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Why was Passchendaele one of the most brutal WW1 battles?
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16.08.2017

Why was Passchendaele one of the most brutal WW1 battles?

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Politicians across Europe have paid tribute to those who fought in one of the most violent offensives of the First World War on its 100th anniversary. 

The Battle of Passchendaele began on 31 July 1917 under the heaviest rainfall the northeast of Belgium had seen for 30 years. Also known as the Third Battle of Ypres, it produced 700,000 casualties among allied and German troops – but resulted in a gain of just five miles of allied land. The four-month campaign by the allies for access to German communication lines and submarines at the height of the First World War was later shortened to the name of the last village they captured: Passchendaele.

Though the campaign was neither the bloodiest nor the longest of the Great War, it is remembered as much for its death count as for the lingering sense it had been fought in vain.
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How brutal was Passchendaele?

The British casualty rate varies from 260,000 to 400,000 according to different counting techniques. But even the upper estimate shows the battle was less deadly than the battle of the Somme, which claimed as many as a million lives on the war’s Western Front a year earlier.  A number of other battles fought in 1917, such as the Battle of Arras, had higher casualty rates per day.

But one of the many poignant details of Passchendaele comes from the fact that it decimated the last of Kitchener's Army – the group of volunteer men who responded to Field Marshal Kitchener's "Your Country Needs You" call to arms at the start of the war and who were later replaced by a conscription army. 
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"In some ways, the Third Battle of Ypres was the last battle of the volunteer army," Professor Adrian Gregory, a University of Oxford History fellow specialising in the First World War, tells The Independent.

How bad were the fighting conditions?

Unlike the Battle of the Somme in 1916, which started on a sunny day, Passchendaele was fought in extremely difficult conditions from the outset. "Infamously, when the battle began on the 31st of July 1917, the heavens opened," Gregory says.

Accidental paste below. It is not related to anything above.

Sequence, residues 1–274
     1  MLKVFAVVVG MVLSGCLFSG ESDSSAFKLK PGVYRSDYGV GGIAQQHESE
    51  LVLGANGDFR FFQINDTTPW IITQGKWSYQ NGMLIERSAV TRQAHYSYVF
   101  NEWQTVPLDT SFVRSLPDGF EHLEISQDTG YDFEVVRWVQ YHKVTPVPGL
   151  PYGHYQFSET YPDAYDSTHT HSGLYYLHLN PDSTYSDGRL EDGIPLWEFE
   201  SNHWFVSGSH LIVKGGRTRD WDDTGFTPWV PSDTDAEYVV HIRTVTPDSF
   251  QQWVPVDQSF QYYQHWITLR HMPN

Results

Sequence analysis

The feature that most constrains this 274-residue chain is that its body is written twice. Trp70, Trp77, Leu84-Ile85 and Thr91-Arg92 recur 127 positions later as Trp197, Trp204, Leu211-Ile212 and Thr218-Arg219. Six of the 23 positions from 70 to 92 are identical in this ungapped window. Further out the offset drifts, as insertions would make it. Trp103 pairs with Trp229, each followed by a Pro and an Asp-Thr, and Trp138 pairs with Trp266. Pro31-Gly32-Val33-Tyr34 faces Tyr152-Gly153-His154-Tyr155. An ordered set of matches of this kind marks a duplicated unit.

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A massive concentration of heavy artillery on both sides damaged the drainage system in the area. The battlefield became a clay and water-filled swamp, with tanks, men and horses alike sinking into the mud.

It was also the first time the Germans used mustard gas, a blistering agent which gathered in shell-holes and made the skin bubble and burn. It came as a nasty surprise to allied forces, who had not yet used it.

It did not help the allies that the battle was launched in an area where much of the high ground was controlled by German troops, who used small concrete forts as outposts.
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Who was responsible for the deaths?

The Battle of Passchendaele is closely associated with General Douglas Haig, who took over command of British forces from late 1915 and led troops into the carnage of both the Somme and Passchendaele. He has since acquired the nickname Butcher Haig for his determination troops would continue to fight in the battle in spite of heavy casualties. "This is the battle he wanted to fight," Gregory says. 

But arguably, the responsibility also lay with the ministry of the then Prime Minister David Lloyd George. "Prime Minister Lloyd George blackened the name of General Haig over Passchendaele, but the responsibility lay with the whole of Britain’s political and military establishment," Gregory adds.
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Why was the timing of the battle so important?

The summer and autumn of 1917 marked a moment of exhaustion in the war effort throughout Europe, before it ended in November 1918. The French army had mutinied in the spring, and one by one, both the Russian and Italian fronts collapsed.

By autumn 1917, the German U-boat campaign meant civilians in the UK were starting to suffer from food shortages, and workers started going on strike.
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"Passchendaele became symbolic of not knowing where the war was going, and the loss of confidence it would ever end," says Gregory.

How do we remember Passchendaele?

A line from a poem published a month before the end of the war sums up some of the battle’s horror.
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I died in hell – they called it Passchendaele
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But neither the poem’s author, Wilfred Sassoon, or other favourite war poet Wilfred Owen actually fought at the Battle of Passchendaele, as both were being treated at a psychiatric hospital in Scotland.
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Two lesser known war poets, Irishman Hedd Wyn and Welshman Francis Ledwidge were at Passchendaele, but died on the first day of the campaign before they could record its impact.

Official war artist Paul Nash arrived on the Western Front in the aftermath of the battle, and produced grimly realistic images of the landscape.

The poet Edmund Blunden did fight through the campaign and wrote vividly about it in his memoir The Undertones of War. “The Last Post” has been played at the Menin Gate in Ypres by a bugler almost every evening since 1928.
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This year, Theresa May, the Prince of Wales and the Duke and Duchess of Cambridge joined descendants of the fallen in Belgium to commemorate the centenary of the battle.

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